Miss Bennett makes a move

After two years as a Teach for America teacher at a low-income, mostly Hispanic school in San Jose, Miss Bennett will leave to teach at a low-income, mostly Hispanic charter school. Why is she leaving?

I’m ready for the challenge of working in a school that actually has high expectations for both teachers and students, and actually helps teachers and students meet those expectations. I’m ready to feel valued as a professional. I’m ready to make an impact in educational reform.

. . . why on Earth would I ever want to stay in a place that simply wants me to uphold the status quo?

She wants to be a leader. That’s not possible where she is, Miss Bennett writes.

. . .  I’m not willing to spend the next 10 years of my life killing myself fighting mediocrity. Every day, I know I make an impact in my own classroom, but beyond that door, I see nothing change. The district is too big, overwhelmed, and powerful to respond to one teacher.

After two years, her new school has shown signs of success working with the same kind of students she now teaches.

About Joanne

Comments

  1. I think two years is more than long enough to evaluate your impact on the school you are in, and to assess the potential for a future there. Miss Bennett let her feet do the talking. Sticking it out in a situation where you are growing unhappy is what? Martyrdom?

  2. “I’m not willing to spend the next 10 years of my life killing myself fighting mediocrity.”

    Not sure how this statement was meant, but as many previous posts on this blog have mentioned the charter school movement has a long and tough fight ahead.

  3. I read her post when she first made it. Then, and now, I don’t understand all the breastbeating. She’s quitting her job and moving to a different school. BFD. People do it all the time. What does that have to do with TFA?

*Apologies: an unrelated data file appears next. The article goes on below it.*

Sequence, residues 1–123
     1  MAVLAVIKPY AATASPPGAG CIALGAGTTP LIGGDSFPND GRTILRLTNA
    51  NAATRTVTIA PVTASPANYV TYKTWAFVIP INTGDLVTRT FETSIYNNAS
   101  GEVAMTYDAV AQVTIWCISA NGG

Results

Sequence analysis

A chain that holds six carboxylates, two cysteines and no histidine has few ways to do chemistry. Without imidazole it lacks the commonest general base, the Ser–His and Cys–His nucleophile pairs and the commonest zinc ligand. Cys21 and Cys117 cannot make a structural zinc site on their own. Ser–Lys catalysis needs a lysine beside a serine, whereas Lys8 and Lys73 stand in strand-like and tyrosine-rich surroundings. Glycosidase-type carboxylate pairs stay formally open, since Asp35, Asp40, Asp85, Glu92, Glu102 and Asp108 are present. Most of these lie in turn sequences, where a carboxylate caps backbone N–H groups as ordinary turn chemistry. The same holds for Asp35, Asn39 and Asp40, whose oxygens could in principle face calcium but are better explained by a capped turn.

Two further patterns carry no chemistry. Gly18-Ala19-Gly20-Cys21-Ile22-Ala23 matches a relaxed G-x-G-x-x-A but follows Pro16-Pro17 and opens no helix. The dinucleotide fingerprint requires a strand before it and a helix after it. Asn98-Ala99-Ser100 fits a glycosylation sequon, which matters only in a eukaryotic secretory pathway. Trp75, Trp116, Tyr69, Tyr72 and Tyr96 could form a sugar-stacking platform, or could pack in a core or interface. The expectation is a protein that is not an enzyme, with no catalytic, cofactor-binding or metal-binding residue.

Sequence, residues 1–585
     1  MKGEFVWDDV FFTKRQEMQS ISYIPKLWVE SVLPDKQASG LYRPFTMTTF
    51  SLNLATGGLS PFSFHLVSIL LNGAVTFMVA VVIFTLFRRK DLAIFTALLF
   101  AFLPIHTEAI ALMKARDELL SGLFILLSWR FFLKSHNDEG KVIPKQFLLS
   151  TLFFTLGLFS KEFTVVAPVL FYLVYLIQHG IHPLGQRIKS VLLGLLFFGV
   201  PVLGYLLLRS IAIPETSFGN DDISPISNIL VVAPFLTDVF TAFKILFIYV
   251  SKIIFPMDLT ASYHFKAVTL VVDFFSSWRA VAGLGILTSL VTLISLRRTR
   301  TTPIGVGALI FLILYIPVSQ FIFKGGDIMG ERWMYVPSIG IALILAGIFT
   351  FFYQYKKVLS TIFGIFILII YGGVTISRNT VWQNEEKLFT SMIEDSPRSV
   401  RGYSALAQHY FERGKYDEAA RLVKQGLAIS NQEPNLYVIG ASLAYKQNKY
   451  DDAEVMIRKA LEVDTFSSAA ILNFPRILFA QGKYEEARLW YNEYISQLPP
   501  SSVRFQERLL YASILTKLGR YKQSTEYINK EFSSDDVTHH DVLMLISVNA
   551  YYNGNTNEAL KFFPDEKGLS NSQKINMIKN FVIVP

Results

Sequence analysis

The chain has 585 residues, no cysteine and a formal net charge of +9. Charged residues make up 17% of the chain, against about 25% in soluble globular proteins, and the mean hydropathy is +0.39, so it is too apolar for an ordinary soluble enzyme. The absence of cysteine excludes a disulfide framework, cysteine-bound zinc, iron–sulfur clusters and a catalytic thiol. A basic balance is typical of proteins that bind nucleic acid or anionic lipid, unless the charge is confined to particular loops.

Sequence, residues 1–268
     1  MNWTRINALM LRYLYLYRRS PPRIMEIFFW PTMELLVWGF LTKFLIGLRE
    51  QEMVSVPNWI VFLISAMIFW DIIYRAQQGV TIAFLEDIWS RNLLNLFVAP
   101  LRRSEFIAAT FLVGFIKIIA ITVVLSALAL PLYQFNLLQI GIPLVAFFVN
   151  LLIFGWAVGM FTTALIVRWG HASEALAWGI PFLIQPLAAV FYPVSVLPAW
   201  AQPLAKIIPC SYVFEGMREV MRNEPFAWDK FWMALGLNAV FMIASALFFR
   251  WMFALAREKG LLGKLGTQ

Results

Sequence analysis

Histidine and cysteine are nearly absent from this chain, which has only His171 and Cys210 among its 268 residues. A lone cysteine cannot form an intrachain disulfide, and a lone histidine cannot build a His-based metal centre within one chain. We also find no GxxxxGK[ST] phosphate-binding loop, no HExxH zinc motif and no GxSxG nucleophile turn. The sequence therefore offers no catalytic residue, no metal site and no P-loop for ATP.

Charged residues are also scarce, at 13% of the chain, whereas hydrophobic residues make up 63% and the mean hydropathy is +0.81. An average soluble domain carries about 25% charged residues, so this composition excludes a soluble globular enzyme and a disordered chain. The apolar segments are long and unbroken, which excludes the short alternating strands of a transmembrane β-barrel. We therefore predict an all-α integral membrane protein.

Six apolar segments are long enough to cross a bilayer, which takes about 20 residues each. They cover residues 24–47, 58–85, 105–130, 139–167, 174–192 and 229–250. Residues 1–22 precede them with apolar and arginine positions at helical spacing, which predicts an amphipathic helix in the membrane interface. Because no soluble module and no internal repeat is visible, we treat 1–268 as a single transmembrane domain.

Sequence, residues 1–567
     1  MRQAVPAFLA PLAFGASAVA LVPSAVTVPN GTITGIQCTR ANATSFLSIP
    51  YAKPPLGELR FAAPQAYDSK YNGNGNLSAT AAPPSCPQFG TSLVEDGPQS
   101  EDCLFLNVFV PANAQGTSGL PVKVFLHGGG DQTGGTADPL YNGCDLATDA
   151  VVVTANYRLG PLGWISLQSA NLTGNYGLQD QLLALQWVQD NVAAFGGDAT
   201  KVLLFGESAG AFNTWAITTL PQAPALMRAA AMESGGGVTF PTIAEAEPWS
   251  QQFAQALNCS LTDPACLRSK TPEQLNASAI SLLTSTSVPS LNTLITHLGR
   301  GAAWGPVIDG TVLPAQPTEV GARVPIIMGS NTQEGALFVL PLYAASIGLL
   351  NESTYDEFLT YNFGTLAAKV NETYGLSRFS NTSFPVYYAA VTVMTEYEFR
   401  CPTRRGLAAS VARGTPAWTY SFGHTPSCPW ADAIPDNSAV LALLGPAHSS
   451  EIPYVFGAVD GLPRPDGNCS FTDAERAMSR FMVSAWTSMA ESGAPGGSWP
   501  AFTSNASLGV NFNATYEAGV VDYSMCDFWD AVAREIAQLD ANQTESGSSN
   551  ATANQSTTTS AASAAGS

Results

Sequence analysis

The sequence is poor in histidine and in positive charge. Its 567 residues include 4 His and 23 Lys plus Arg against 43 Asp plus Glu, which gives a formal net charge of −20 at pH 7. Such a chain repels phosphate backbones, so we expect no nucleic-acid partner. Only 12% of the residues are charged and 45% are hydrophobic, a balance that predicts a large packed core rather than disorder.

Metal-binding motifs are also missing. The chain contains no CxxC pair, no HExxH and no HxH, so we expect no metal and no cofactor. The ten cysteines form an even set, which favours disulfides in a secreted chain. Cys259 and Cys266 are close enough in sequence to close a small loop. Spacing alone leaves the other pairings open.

And of course she’ll have an easier time at a charter school, which cherry picks the students. I mean. Duh.

  4. Andy Freeman says:

    > And of course she’ll have an easier time at a charter school, which cherry picks the students.

    Instead of addressing the cherry-picks myth, I’ll point out that the public schools are happy to let cherries rot.

  5. I can understand a teacher who feels that the rest of the faculty in a school is not striving as hard as they should for excellence. However, many teachers who find themselves in this situation find meaningful, professional learning communities on Web 2.0.

    http://www.lessontech.blogspot.com

  6. There are many job sites, not only educational job sites, where you will find some employees more motivated than others. Also, you will find large coorporations where the decisions come far detached from the front line labor force.

    Not all employees choose to quit their jobs and move on. Some need to have more control over the jobs they do.

    Not all Charter schools afford their employees the flexibility to make independant decisions that will make the impact they foresee either. I think this article is not realistic.